Ninoshka Matias tested positive for the coronavirus. She asked her employer for leave from work under the Families First Coronavirus Response Act (FFCRA). Plaintiff Matias told her employer about her positive test. That same day, her employer fired her. The employer said Matias was not a “good fit.” Matias sued for discrimination under the ADA. The employer filed a motion to dismiss for failure to state a claim. The employer, Terrapin House, said the illness was minor and transitory.
The court rejected the motion. It found the employee had made supportable allegations that she was regarded as disabled. The Department of Health and Human Services has issued medical guidance stating that the covid-19 virus may affect one or more body systems. Therefore, it may be a physical impairment under the ADA. And, certain forms of the virus can “substantially limit major life activity,” including respiratory function, gastrointestinal function and brain function, for periods lasting months after the initial infection. The court also described the phenomenon known as “long covid,” in which can carry longer erm effects of the virus.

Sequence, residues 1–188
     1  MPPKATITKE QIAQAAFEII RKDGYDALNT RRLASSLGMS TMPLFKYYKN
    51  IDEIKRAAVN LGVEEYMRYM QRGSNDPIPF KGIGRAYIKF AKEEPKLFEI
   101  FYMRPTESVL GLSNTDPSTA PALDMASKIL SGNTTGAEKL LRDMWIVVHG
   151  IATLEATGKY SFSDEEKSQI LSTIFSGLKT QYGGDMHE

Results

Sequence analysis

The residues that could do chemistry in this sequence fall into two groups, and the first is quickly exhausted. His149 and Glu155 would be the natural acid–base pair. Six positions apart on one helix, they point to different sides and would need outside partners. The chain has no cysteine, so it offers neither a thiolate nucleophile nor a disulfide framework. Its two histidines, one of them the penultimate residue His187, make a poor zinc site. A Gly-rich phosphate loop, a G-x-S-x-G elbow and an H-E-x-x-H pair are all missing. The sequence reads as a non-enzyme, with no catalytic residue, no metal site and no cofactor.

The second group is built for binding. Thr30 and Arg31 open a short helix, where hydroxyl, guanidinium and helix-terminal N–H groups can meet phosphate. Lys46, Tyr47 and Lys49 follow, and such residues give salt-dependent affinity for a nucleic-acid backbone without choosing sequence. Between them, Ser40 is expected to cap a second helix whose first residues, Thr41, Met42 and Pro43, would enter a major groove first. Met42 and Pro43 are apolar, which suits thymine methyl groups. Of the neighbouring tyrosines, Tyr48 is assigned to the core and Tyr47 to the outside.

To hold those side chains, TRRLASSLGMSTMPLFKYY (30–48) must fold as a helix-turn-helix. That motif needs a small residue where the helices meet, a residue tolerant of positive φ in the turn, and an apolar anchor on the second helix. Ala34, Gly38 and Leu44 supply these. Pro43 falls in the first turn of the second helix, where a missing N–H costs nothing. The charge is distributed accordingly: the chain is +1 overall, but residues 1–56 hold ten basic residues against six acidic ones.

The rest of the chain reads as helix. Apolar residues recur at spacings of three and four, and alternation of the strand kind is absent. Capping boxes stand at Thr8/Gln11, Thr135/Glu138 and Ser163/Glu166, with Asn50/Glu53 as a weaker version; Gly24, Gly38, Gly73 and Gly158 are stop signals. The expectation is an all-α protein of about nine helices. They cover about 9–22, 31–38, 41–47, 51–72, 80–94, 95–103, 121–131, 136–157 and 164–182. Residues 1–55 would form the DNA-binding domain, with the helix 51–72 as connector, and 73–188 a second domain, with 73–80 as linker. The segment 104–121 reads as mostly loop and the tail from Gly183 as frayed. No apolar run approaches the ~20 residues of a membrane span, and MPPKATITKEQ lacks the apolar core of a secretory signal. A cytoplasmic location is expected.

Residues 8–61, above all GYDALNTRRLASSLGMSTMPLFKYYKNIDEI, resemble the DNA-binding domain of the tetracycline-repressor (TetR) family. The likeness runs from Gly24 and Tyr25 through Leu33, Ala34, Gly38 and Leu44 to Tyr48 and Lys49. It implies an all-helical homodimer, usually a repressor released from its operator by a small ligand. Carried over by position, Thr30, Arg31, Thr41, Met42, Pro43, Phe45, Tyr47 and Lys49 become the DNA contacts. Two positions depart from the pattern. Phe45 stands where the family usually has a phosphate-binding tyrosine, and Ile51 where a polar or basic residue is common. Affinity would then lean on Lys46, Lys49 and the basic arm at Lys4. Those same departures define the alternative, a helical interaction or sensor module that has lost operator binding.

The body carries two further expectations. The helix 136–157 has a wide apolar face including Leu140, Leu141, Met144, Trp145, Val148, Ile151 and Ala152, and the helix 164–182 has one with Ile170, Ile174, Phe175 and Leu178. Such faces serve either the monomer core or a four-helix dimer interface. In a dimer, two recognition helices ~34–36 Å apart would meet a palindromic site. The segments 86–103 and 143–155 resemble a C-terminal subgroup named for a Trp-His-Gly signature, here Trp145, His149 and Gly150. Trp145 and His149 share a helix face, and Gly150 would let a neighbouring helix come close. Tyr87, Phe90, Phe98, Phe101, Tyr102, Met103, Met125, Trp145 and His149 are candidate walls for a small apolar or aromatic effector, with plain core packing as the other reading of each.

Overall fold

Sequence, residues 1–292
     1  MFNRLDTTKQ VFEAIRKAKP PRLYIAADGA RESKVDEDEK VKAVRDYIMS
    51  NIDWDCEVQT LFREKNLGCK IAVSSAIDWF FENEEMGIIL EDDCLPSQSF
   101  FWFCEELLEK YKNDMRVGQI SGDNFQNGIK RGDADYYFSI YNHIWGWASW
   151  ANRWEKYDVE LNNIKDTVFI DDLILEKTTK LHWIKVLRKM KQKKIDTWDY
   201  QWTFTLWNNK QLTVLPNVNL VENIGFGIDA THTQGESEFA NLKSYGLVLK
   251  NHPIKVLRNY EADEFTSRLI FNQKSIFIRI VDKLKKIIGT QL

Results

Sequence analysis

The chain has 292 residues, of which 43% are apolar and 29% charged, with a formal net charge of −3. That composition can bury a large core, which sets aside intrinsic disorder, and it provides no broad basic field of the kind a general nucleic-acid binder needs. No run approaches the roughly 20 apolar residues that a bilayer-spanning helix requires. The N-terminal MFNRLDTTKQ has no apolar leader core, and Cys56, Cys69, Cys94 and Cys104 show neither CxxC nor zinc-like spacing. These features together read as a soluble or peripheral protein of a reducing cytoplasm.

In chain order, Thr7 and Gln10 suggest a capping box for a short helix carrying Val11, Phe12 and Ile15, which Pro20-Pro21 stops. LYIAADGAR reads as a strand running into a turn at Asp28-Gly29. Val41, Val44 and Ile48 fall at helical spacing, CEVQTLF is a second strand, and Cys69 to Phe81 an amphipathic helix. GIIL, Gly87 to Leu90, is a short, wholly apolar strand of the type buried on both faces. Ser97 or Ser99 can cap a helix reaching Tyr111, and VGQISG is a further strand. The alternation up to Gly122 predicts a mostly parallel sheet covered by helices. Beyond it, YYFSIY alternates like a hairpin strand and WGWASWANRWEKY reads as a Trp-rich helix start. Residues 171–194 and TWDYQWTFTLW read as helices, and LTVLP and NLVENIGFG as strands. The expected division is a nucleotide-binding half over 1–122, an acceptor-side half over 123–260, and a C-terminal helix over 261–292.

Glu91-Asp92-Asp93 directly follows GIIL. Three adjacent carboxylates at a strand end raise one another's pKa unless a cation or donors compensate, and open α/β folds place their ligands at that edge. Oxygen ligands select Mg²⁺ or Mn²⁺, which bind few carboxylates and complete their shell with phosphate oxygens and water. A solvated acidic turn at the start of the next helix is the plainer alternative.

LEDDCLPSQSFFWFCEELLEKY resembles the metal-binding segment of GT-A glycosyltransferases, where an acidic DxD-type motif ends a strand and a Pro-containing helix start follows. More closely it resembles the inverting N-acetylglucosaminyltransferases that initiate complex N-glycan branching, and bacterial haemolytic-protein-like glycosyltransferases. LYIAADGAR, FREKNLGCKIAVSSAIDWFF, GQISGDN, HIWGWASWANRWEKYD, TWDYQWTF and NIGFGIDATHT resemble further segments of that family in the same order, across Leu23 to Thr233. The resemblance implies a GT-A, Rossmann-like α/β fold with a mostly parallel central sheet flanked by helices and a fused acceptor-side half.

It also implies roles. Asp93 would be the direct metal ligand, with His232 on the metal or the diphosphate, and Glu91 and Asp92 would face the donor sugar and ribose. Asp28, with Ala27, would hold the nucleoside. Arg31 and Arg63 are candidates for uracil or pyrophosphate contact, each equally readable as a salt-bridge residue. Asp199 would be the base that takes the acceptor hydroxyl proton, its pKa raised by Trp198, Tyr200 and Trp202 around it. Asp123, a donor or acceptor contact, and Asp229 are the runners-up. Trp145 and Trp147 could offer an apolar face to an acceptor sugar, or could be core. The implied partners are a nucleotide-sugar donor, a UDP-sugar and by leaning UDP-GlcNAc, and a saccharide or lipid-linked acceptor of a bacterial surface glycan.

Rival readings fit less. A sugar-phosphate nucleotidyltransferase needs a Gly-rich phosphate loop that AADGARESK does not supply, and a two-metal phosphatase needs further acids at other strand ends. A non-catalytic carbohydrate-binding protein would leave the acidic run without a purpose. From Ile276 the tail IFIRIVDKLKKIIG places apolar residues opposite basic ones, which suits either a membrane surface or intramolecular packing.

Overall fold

Given the close proximity between the day on which she notified her employer and when she was then fired, the plaintiff has stated a viable cause of action, said the court. The employer argued that that Ms. Matias did not suffer any symptoms of the virus. But, the court noted that she said she lost her sense of taste and smell.
See the decision in Matias v. Terrapin House, Inc., No. 5:21-cv-02288 (E.D. Penn. 9/16/2021) here.